, Volume 32, Issue 3, pp 443–448 | Cite as

Narrow Band Imaging Enhances the Detection Rate of Penetration and Aspiration in FEES

  • Julie C. Nienstedt
  • Frank Müller
  • Almut Nießen
  • Susanne Fleischer
  • Jana-Christiane Koseki
  • Till Flügel
  • Christina PflugEmail author
Original Article


Narrow band imaging (NBI) is widely used in gastrointestinal, laryngeal, and urological endoscopy. Its original purpose was to visualize vessels and epithelial irregularities. Based on our observation that adding NBI to common white light (WL) improves the contrast of the test bolus in fiberoptic endoscopic evaluation of swallowing (FEES), we now investigated the potential value of NBI in swallowing disorders. 148 FEES images were analyzed from 74 consecutive patients with swallowing disorders, including 74 with and 74 without NBI. All images were evaluated by four dysphagia specialists. Findings were classified according to Rosenbek’s penetration-aspiration scale modified for evaluating these FEES images. Intra- and inter-rater reliability was determined as well as observer confidence. A better visualization of the bolus is the main advantage of NBI in FEES. This generally leads to sharper optical contrasts and better detection of small bolus quantities. Accordingly, NBI enhances the detection rate of penetration and aspiration. On average, identification of laryngeal penetration increased from 40 to 73% and of aspiration from 13 to 24% (each p < 0.01) of patients. In contrast to WL alone, the use of NBI also markedly increased the inter- and intra-rater reliability (p < 0.01) and the rating confidence of all experts (p < 0.05). NBI is an easy and cost-effective tool simplifying dysphagia evaluation and shortening FEES evaluation time. It leads to a markedly higher detection rate of pathological findings. The significantly better intra- and inter-rater reliability argues further for a better overall reproducibly of FEES interpretation.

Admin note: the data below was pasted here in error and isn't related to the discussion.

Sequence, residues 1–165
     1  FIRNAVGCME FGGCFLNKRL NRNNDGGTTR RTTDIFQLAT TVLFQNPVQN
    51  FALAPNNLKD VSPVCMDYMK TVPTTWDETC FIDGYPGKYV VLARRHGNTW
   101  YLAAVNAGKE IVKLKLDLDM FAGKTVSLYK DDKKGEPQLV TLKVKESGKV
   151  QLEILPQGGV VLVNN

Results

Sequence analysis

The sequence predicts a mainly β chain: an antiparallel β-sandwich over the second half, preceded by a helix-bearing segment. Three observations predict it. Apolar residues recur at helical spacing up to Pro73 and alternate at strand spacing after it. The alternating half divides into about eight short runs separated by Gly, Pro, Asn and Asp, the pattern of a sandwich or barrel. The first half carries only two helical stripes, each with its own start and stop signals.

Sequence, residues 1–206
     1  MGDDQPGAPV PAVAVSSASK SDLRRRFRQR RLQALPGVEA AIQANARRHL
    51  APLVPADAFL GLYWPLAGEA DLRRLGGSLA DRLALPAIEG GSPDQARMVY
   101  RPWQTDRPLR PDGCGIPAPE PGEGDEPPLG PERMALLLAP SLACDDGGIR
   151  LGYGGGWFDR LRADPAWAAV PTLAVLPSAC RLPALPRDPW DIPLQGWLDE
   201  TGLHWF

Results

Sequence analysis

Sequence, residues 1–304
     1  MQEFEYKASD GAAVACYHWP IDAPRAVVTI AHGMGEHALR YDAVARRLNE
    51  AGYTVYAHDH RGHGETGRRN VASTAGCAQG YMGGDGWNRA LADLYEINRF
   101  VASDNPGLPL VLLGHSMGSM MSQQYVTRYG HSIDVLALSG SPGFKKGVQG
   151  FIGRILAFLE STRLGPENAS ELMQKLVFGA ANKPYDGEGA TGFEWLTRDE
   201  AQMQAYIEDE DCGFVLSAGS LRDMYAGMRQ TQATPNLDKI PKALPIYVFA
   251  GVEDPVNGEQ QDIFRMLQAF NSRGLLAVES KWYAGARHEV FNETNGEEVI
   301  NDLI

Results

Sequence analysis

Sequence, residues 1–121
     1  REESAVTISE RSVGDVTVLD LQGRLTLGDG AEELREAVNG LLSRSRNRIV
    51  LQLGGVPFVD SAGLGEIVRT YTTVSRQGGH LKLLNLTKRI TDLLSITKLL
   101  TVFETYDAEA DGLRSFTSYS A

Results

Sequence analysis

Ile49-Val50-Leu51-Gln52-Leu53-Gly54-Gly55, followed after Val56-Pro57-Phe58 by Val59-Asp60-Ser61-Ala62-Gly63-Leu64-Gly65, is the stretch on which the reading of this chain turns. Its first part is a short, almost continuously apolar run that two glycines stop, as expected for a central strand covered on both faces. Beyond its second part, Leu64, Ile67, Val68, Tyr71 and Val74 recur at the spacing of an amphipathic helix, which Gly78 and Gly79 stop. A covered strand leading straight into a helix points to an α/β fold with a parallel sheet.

Deglutition Deglutition disorders Narrow band imaging (NBI) FEES Laryngeal penetration Aspiration 


Compliance with Ethical Standards

Conflict of interest

The authors have no conflict of interest to declare.

Ethical Statement

The study was conducted in compliance with the Helsinki Declaration.


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Copyright information

© Springer Science+Business Media New York 2017

Authors and Affiliations

  • Julie C. Nienstedt
    • 1
  • Frank Müller
    • 1
  • Almut Nießen
    • 1
  • Susanne Fleischer
    • 1
  • Jana-Christiane Koseki
    • 1
  • Till Flügel
    • 1
  • Christina Pflug
    • 1
    Email author
  1. 1.Department of Voice, Speech and Hearing Disorders, Center for Clinical NeurosciencesUniversity Medical Center Hamburg-EppendorfHamburgGermany

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